ANN. Violet is quite right. You ought to get married.
TANNER. [explosively] Ann: I will not marry you. Do you hear? I won't, won't, won't, won't, WON'T marry you.
ANN. [placidly] Well, nobody axd you, sir she said, sir she said, sir she said. So that's settled.
TANNER. Yes, nobody has asked me; but everybody treats the thing as settled. It's in the air. When we meet, the others go away on absurd pretexts to leave us alone together. Ramsden no longer scowls at me: his eye beams, as if he were already giving you away to me in church. Tavy refers me to your mother and gives me his blessing. Straker openly treats you as his future employer: it was he who first told me of it.
ANN. Was that why you ran away?
TANNER. Yes, only to be stopped by a lovesick brigand and run down like a truant schoolboy.
ANN. Well, if you don't want to be married, you needn't be [she turns away from him and sits down, much at her ease].
TANNER. [following her] Does any man want to be hanged? Yet men let themselves be hanged without a struggle for life, though they could at least give the chaplain a black eye. We do the world's will, not our own. I have a frightful feeling that I shall let myself be married because it is the world's will that you should have a husband.
ANN. I daresay I shall, someday.
TANNER. But why me — me of all men? Marriage is to me apostasy, profanation of the sanctuary of my soul, violation of my manhood, sale of my birthright, shameful surrender, ignominious capitulation, acceptance of defeat. I shall decay like a thing that has served its purpose and is done with; I shall change from a man with a future to a man with a past; I shall see in the greasy eyes of all the other husbands their relief at the arrival of a new prisoner to share their ignominy. The young men will scorn me as one who has sold out: to the young women I, who have always been an enigma and a possibility, shall be merely somebody else's property — and damaged goods at that: a secondhand man at best.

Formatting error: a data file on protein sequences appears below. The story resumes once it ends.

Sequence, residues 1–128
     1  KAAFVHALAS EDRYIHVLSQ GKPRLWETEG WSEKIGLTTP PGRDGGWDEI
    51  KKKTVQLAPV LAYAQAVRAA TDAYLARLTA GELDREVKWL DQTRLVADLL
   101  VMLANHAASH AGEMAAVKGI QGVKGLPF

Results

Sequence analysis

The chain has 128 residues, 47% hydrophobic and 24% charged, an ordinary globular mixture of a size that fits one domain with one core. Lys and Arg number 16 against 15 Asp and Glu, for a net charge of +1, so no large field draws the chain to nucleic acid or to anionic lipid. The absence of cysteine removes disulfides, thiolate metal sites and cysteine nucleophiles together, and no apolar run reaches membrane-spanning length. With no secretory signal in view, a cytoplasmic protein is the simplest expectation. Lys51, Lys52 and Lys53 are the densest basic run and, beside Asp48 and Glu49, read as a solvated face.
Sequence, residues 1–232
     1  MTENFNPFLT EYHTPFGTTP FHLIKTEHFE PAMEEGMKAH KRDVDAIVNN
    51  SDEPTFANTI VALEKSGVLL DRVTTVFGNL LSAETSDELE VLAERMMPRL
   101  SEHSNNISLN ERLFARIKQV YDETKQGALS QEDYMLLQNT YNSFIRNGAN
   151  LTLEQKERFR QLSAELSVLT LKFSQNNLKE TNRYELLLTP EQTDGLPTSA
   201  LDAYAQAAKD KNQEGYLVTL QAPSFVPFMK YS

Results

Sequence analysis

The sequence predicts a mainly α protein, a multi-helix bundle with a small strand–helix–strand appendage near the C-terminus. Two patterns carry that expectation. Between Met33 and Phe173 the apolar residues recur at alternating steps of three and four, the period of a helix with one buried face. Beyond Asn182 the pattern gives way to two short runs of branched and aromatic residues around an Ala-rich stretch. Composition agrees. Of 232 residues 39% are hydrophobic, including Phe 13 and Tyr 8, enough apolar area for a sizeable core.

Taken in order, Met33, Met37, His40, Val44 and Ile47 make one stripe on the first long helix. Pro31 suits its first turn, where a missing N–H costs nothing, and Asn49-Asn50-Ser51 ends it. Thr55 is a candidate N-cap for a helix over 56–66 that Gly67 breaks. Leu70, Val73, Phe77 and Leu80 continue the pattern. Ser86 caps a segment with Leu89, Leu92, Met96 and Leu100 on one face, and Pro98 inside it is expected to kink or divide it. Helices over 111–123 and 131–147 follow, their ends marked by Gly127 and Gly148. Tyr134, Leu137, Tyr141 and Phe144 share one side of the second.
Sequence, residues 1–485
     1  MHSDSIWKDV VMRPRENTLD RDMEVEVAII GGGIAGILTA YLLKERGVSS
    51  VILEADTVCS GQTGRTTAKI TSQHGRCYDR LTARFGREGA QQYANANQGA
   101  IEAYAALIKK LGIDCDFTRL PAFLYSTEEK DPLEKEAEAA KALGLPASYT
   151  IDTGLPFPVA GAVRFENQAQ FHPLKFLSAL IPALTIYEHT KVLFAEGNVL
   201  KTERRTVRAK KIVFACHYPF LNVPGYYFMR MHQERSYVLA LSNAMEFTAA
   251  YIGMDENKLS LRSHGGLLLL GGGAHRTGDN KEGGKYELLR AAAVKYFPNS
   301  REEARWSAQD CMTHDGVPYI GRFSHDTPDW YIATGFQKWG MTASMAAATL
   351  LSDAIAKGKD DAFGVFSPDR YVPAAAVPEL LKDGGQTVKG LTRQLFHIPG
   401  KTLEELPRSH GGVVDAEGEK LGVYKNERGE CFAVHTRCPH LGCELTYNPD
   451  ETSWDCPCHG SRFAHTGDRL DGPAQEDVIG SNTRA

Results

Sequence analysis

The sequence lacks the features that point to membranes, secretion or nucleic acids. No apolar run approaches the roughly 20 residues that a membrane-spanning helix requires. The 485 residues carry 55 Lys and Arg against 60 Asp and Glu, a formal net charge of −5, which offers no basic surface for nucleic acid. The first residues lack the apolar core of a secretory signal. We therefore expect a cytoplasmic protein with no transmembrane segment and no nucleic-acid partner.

ANN. Well, your wife can put on a cap and make herself ugly to keep you in countenance, like my grandmother.
TANNER. So that she may make her triumph more insolent by publicly throwing away the bait the moment the trap snaps on the victim!
ANN. After all, though, what difference would it make? Beauty is all very well at first sight; but who ever looks at it when it has been in the house three days? I thought our pictures very lovely when papa bought them; but I haven't looked at them for years. You never bother about my looks: you are too well used to me. I might be the umbrella stand.
TANNER. You lie, you vampire: you lie.
ANN. Flatterer. Why are you trying to fascinate me, Jack, if you don't want to marry me?
TANNER. The Life Force. I am in the grip of the Life Force.
ANN. I don't understand in the least: it sounds like the Life Guards.
TANNER. Why don't you marry Tavy? He is willing. Can you not be satisfied unless your prey struggles?
ANN. [turning to him as if to let him into a secret] Tavy will never marry. Haven't you noticed that that sort of man never marries?
TANNER. What! a man who idolizes women who sees nothing in nature but romantic scenery for love duets! Tavy, the chivalrous, the faithful, the tenderhearted and true! Tavy never marry! Why, he was born to be swept up by the first pair of blue eyes he meets in the street.
ANN. Yes, I know. All the same, Jack, men like that always live in comfortable bachelor lodgings with broken hearts, and are adored by their landladies, and never get married. Men like you always get married.
TANNER. [Smiting his brow] How frightfully, horribly true! It has been staring me in the face all my life; and I never saw it before.